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Autophagy and Adult Neurogenesis: Discoveries Made Half a Century Ago Yet in their Infancy of being Connected


Within the brain, the physiological and pathological functions of autophagy in development and throughout the lifespan are being elucidated. This review summarizes recent in vitro and in vivo results that are defining the role of autophagy-related genes during the process of adult neurogenesis. We also discuss the need for future experiments to determine the molecular mechanism and functional significance of autophagy in the different neural stem cell populations and throughout the stages of adult neurogenesis.


Macroautophagy (hereafter referred to as autophagy) is a cellular process in which organelles and portions of the cytoplasm are engulfed in double membrane vesicles called autophagosomes to allow for recycling of the components through lysosomal degradation pathways. Autophagy occurs constitutively in all cells and there is growing appreciation for its significance in physiological and pathological conditions, including in the development and progression of several neurodegenerative diseases [1].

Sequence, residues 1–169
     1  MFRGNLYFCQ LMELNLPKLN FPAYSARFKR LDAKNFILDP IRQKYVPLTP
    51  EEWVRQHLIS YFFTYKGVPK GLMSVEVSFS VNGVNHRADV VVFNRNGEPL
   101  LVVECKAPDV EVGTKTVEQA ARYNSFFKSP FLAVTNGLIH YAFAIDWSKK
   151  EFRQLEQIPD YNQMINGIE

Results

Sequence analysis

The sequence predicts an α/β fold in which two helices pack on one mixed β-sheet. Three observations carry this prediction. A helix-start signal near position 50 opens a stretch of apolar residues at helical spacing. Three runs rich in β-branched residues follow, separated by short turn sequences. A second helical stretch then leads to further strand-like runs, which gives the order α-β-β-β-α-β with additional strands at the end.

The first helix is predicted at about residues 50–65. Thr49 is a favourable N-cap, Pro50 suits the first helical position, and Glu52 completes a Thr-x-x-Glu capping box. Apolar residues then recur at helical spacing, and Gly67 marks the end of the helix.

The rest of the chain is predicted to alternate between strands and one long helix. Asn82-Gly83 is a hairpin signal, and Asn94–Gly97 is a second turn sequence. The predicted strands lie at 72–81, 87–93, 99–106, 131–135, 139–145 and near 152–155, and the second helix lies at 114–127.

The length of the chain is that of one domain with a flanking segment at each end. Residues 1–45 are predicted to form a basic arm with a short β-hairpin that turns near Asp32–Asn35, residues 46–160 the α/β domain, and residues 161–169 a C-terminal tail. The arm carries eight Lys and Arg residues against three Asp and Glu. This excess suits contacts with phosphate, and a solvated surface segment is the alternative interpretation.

In this review, we discuss the in vitro and in vivo studies that have highlighted the differential roles for genes in the autophagy pathway within neural stem cells (NSCs) and their progeny. These studies have primarily examined adult neurogenesis, following the modulation of autophagy related genes (Atg) during early development using conditional mouse models. In contrast, studies modulating autophagy related genes using an inducible model to target adult neurogenic cells are limited. Although there is no doubt that autophagy is a regulator of adult neurogenesis, much remains to be understood about the specific functions of autophagy within the adult and during the multiple stages of the process of adult neurogenesis. Additionally, understanding the mechanism by which adult neurogenesis and autophagy interact will open new avenues to modulate endogenous stem cells within the brain for regenerative medicine.


Over 50 years have passed since neurogenesis was discovered to occur in the adult mammalian brain [2]. Prior to this discovery, it was believed that, during development, the process of neurogenesis created all the neurons one would have within a lifetime, and that no new neurons could be generated in the adult brain. It is now well accepted that in most mammals, including humans, the adult brain contains both NSCs and neural progenitor cells (NPCs), and that adult-generated neurons contribute to behavior and have relevance to disease [3–7]. This section provides a brief overview of the process of adult neurogenesis and updates in the field that are relevant to the analysis of autophagy and adult neurogenesis.